Feuer and Hensley said the city should focus more on finding opportunities to make Rio Rancho more business-friendly; Feuer suggested streamlining the process for a business to settle in the city, while Hensley said the city should lower costs of business development.

The participants were Joshua Hernandez and Jim Owen, candidates for District 1; Marlene Feuer, Ron Hensley and Ryan Parra for District 4; and Cris Balzano, David Bency and Lonnie Clayton for District 6. District 1 candidate JoAnne Dudley and District 6 hopeful Chris Vanden-Heuvel did not attend.

Candidates were provided a one-minute response to each of the forum’s five questions. Candidates also delivered 60-second opening and closing remarks.

Impact fees

The candidates offered a variety of opinions on the topic of impact fees –—payments developers make to the city to cover the cost of expanding infrastructure for a new development. In 2012, developer Curb North Inc. successfully sued Rio Rancho for creating a two-year impact fee moratorium.

Hunsley and Parra said the city should lower the cost of impact fees, while Clayton and Feuer said it was too soon to form an opinion, saying they were waiting for an official court settlement in the Curb North case.

Although Hernandez and Balzano also said it was too soon to call, they agreed they would work to lower the cost of impact fees after a court ruling was made.

Businesses should be better educated about the city’s impact fees, said Owen, while Bency said city officials should question why Albuquerque’s impact fees were half the cost of Rio Rancho’s fees.

Public/private partnerships and GO bond for roads

The candidates were in near-unanimous agreement — public/private partnerships are great for Rio Rancho and residents should vote for the proposed general obligation bond issue to improve the city’s roads.

Hensley was the lone candidate not fully in support of public/private partnerships, saying “It always makes me a little nervous” when government entities work with profit entities.

“I don’t think a partnership is really the appropriate approach — I think a cooperative government is the appropriate approach,” Hensley said. “When we get involved in trying to develop properties for profit, we get behind in other responsibilities.”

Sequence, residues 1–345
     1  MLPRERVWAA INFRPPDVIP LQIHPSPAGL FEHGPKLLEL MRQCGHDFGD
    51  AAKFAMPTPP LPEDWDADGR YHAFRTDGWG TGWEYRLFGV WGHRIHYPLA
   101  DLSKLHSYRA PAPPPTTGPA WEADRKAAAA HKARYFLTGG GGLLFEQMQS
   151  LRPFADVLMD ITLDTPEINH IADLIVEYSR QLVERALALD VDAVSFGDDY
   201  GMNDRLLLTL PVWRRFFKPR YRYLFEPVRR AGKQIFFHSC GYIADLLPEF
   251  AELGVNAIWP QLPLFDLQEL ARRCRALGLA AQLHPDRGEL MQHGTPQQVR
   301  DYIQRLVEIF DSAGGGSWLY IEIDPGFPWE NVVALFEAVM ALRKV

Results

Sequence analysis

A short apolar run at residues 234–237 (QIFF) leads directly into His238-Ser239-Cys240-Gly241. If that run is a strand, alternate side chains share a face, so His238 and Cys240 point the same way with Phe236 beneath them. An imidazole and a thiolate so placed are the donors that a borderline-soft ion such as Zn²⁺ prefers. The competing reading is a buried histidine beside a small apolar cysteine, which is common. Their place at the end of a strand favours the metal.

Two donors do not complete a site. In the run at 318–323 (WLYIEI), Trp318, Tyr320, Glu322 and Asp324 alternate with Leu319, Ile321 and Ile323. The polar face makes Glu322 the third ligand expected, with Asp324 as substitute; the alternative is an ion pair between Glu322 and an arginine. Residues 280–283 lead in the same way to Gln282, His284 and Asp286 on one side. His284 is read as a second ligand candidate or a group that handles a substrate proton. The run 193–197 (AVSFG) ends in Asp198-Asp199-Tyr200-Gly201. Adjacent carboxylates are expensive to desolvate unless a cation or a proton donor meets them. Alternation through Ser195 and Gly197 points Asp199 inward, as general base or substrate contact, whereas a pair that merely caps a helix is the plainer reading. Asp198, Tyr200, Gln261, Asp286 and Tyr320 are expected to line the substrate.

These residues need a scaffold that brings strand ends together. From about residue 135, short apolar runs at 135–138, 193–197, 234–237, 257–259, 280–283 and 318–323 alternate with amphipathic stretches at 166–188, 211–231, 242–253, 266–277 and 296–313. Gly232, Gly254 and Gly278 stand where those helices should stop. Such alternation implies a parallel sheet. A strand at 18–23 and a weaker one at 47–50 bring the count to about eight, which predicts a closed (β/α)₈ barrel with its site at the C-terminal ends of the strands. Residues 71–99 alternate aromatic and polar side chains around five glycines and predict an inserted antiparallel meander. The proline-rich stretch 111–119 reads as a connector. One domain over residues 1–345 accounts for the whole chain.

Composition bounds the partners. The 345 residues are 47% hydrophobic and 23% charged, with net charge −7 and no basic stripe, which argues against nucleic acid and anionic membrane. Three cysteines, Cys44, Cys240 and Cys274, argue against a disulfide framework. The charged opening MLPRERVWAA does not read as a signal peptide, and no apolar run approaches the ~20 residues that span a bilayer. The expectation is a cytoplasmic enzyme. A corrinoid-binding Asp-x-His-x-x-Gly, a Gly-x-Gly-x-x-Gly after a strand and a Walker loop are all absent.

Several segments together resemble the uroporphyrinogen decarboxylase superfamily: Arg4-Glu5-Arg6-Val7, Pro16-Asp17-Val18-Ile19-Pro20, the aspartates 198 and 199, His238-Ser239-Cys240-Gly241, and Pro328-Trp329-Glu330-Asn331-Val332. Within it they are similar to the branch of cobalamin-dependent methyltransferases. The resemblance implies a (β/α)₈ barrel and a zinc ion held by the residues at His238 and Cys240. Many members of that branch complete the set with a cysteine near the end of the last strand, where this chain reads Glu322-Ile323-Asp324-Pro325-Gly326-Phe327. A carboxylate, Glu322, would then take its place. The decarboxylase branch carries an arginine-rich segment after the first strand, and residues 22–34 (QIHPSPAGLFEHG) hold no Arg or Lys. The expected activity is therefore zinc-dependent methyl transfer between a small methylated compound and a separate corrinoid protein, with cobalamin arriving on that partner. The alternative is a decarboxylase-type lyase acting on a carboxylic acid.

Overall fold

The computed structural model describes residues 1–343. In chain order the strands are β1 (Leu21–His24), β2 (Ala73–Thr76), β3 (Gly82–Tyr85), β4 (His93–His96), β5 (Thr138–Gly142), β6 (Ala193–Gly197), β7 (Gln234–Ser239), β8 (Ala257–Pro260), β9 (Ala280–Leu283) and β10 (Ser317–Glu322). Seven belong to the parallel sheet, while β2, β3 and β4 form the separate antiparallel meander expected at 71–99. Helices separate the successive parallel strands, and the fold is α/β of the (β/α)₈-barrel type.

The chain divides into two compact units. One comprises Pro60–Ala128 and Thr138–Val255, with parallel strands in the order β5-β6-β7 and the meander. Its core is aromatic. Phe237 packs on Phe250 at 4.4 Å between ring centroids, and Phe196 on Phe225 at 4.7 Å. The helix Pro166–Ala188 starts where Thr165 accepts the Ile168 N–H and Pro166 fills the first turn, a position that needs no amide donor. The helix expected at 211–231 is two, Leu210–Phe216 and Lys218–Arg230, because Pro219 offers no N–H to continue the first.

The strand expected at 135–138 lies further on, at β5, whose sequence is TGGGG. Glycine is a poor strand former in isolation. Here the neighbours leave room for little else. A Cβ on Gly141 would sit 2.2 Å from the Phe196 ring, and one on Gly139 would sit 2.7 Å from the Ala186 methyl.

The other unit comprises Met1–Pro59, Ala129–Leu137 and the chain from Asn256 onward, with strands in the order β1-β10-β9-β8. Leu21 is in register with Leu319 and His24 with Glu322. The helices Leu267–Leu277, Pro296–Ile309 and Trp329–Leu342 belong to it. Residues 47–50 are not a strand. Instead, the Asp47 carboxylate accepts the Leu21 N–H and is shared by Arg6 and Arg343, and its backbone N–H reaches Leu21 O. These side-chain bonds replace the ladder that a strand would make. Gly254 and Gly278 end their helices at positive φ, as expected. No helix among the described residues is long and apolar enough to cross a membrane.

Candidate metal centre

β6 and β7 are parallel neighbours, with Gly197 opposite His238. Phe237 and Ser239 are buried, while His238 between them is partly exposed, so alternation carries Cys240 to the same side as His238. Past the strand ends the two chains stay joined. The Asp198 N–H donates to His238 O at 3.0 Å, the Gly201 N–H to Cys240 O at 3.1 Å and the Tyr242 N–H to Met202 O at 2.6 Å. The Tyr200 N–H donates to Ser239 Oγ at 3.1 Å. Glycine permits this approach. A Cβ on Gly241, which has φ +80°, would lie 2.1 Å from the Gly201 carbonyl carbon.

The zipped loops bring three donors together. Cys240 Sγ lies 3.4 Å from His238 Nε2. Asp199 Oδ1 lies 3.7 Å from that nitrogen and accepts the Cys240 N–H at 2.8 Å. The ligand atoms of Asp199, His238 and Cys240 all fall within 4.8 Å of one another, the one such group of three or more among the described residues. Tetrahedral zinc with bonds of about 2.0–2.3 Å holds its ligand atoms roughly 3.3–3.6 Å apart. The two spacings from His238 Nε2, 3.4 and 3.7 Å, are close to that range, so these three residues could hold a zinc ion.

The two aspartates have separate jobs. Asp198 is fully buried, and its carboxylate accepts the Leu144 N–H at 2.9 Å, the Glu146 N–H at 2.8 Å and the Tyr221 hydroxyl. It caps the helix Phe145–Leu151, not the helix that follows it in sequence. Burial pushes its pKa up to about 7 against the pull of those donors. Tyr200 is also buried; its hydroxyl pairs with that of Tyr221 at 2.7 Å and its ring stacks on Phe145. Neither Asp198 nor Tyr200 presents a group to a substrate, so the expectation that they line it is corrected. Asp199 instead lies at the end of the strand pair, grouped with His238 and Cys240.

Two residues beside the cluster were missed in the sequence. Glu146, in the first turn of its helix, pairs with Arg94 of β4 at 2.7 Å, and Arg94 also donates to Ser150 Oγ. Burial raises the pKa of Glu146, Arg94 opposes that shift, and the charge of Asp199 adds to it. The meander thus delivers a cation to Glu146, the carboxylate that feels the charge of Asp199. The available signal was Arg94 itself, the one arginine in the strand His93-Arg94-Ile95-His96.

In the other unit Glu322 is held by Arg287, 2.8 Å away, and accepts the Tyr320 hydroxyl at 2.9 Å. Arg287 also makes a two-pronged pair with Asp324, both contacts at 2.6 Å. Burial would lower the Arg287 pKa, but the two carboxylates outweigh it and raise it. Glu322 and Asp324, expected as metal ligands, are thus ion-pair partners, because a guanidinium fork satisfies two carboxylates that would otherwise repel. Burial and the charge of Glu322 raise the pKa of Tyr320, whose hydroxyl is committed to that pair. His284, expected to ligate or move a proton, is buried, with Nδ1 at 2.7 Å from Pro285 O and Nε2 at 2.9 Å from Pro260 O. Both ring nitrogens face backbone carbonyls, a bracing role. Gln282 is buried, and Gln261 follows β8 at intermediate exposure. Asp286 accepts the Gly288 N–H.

Each candidate agreed that the city’s roads need to be improved. If approved, property taxes for residents with a $100,000 home would increase by approximately $7.30.

“S.O.S. — Save Our Streets,” Bency said. “If our streets keep crumbling like they are, people are going to start losing their home values.”

Owen said although he supports the general obligation bond measure, it is not his preferred option for fixing the city’s roads.

“I really understand what is happening with our senior citizens on fixed incomes,” Owen said. “It’s made to seem that a $7 deal is not a big deal, but over time they’ll see this inching away when you’re on a fixed income, it’s difficult to continue to make a decision as whether to pay my mortgage or my meds or whatever the case may be.”

Job development

A lack of available open space and physical plants hinders the city’s chances at bringing out-of-state businesses to the area, Clayton said.

“When businesses come to town and they say, ‘What’s available,’ at this point in time we are at a shortage of physical plants,” he said. “Some of the businesses come to town and say, ‘You don’t have available plants; we don’t want to build one.’”

Feuer and Hensley said the city should focus more on finding opportunities to make Rio Rancho more business-friendly; Feuer suggested streamlining the process for a business to settle in the city, while Hensley said the city should lower costs of business development.